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Lenny, nice to hear you and Peter are still talking despite that mix up with the food processor last Christmas. He’s a good lad that one but Laura his better half has got a tongue on her. I suppose their eldest is running up one hell of a debt and sleeping all hours, but it will be worth it I suppose if he gets a job in an office. He’ll be able to buy one of those briefcases to keep his pants in and that will make his mother proud.

Mentioning Sutton Bridge took me back a bit. You remember that chap from Laurence and Potts, you know, the one with the Jacket? Well he went there once and had a fish and chip supper. Back then people knew how to have a real knees up. Not like the young uns today. If they aren’t in a car park reversing round corners and eating bio yoghurts they aren’t happy. I blame the teachers. I said to Joan why, oh why, oh why can’t them bloody teachers learn them something useful like how to use a 8 track or make a raffia coaster for their granny.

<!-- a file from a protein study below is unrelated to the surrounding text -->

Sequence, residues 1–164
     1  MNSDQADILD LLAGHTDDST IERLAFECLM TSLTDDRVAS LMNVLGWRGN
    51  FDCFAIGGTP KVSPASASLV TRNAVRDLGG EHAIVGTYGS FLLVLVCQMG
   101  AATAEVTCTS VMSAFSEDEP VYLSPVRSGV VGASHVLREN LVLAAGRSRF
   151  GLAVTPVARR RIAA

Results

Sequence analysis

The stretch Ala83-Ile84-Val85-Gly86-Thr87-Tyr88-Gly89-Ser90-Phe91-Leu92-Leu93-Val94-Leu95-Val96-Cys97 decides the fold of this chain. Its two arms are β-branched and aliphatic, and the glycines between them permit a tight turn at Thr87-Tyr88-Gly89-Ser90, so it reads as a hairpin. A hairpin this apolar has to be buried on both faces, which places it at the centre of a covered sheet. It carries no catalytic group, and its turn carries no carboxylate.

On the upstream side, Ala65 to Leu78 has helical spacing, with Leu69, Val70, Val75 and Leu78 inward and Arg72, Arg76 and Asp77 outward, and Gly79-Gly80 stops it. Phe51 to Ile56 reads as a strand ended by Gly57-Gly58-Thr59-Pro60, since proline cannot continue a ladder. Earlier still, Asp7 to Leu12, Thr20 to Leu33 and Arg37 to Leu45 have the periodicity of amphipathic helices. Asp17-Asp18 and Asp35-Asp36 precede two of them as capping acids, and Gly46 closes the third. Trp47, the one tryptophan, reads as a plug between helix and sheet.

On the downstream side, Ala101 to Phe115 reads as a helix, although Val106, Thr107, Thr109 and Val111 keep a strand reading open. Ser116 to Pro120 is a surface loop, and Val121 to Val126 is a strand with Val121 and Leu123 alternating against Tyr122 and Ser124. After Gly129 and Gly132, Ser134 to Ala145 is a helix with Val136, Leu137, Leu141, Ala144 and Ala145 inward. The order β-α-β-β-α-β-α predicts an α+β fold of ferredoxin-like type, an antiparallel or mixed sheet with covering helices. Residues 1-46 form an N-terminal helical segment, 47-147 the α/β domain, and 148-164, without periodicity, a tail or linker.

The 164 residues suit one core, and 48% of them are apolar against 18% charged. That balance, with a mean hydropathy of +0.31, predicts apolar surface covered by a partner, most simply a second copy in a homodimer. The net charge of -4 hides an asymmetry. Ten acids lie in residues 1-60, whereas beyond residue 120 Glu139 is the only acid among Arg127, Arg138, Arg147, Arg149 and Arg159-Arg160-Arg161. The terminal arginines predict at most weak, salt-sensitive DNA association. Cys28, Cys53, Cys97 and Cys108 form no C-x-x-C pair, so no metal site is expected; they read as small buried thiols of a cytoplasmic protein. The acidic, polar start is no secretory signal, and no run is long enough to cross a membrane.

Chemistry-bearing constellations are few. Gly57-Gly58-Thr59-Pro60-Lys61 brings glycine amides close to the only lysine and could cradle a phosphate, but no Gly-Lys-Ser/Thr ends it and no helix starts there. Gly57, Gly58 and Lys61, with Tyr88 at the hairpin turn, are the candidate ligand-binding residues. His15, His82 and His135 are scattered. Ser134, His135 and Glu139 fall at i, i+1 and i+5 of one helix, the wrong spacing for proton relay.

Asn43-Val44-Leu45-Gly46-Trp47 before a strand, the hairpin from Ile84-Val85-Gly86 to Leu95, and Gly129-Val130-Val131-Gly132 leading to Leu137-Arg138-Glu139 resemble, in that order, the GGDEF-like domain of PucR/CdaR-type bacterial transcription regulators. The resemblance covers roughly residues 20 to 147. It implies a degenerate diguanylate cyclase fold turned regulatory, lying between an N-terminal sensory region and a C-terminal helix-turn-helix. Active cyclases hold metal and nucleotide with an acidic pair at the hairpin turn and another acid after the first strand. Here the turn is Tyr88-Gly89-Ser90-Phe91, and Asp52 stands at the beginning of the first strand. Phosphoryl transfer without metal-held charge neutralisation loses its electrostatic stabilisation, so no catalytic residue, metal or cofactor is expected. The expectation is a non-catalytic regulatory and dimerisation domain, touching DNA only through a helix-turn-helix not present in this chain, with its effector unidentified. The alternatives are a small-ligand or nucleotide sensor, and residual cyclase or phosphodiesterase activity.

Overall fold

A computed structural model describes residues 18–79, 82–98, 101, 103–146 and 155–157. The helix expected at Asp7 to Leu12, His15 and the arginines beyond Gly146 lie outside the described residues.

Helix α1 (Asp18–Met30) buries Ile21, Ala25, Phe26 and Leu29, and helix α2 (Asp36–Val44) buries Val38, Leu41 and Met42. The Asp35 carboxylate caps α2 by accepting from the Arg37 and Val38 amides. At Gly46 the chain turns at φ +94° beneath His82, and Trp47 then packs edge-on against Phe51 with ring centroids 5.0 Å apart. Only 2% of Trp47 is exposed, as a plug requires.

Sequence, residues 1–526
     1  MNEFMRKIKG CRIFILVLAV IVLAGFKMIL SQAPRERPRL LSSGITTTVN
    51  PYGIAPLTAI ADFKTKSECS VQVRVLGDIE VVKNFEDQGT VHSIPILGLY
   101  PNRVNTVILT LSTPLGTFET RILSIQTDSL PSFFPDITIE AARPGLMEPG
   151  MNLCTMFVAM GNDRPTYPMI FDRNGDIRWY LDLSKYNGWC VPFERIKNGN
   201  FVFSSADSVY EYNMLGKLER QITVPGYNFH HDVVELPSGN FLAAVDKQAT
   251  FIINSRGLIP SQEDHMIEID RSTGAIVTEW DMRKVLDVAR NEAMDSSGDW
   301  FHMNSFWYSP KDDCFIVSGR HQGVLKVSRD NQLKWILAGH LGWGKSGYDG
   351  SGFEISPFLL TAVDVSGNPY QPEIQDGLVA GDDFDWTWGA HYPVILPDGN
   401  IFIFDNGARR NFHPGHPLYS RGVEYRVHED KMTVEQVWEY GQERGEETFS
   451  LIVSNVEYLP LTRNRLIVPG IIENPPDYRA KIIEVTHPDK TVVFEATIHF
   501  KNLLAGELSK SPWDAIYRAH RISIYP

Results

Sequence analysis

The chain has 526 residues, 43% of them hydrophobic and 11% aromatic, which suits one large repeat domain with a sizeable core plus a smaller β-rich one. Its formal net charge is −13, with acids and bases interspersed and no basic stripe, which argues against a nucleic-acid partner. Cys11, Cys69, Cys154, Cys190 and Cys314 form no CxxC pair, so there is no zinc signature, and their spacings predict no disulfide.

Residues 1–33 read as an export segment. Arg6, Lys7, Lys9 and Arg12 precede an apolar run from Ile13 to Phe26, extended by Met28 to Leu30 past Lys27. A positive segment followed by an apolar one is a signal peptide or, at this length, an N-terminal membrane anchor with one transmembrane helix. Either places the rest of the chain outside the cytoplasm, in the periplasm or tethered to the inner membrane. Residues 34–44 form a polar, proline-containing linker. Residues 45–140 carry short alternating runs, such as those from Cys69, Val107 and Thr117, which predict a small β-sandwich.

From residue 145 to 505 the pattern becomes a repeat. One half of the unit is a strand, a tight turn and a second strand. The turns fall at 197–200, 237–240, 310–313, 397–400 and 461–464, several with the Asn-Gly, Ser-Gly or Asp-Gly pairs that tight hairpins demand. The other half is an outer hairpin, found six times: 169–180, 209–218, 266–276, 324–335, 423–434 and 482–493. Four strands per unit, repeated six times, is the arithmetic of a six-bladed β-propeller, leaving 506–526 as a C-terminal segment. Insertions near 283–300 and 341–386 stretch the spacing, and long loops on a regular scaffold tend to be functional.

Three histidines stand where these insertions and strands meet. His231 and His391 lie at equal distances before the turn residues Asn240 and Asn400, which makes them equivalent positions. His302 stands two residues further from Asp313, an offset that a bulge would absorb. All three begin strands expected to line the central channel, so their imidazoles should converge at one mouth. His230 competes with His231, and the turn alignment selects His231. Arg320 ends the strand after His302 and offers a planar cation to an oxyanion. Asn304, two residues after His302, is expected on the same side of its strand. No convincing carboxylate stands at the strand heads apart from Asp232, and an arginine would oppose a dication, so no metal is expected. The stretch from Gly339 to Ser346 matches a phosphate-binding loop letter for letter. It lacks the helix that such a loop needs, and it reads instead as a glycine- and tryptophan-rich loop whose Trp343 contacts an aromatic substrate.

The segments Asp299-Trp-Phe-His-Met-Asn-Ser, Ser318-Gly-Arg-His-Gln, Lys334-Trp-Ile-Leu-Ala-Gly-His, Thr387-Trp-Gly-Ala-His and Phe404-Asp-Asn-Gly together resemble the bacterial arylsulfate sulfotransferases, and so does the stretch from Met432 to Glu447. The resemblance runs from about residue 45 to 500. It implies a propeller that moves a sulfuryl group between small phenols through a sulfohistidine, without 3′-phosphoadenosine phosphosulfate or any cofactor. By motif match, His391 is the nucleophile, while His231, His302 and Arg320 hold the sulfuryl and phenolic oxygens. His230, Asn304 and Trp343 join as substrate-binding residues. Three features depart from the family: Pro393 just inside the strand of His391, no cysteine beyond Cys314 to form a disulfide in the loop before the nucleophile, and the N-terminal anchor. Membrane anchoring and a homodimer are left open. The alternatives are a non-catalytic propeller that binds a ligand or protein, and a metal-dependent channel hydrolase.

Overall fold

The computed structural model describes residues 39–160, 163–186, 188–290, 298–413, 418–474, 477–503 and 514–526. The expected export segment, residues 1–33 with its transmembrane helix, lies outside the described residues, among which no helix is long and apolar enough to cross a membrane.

Talking of raffia did you see the news last night? Seems them buggers in London are talking of making the main road a bit blooming bigger. Next thing you know them Londoners won’t just be visiting Suffolk and hanging round the pier at Southwold they’ll be up here looking round the city and asking for new fangled things like coffee and flan. Something’s got to be done about it. We can’t have them buying up our hovels and making them habitable. Just writing about it is giving me a funny turn and Joan says I ought to go out to the shed for a bit. She’s right. There’s no point getting in a state and I’ve got a spanner that needs taking out of the spanner box and putting somewhere. No rest for the wicked.
Your old mate
Wal

2012-08-11 18.32.03

Dear Wally
What’s wrong with the youth today? I’ve had Shona round with her young lad Jason. The boy’s complaining as his new job is away at Thetford. I said he should count himself lucky he gets to travel. I told him we never crossed Sutton Bridge ‘til we were 28. Ah yes Wal, the first of a few memorable trips in the Dormobile to the jewel of Lincolnshire, Gainsborough. Which reminds me, Peter’s bringing his eldest to see me before he goes back to College Gainsborough way. Short one today, the elastic in my socks is cutting into my ankles and making me riled. My blackbird is looking through the window at me Wally so I’m off to throw something at him.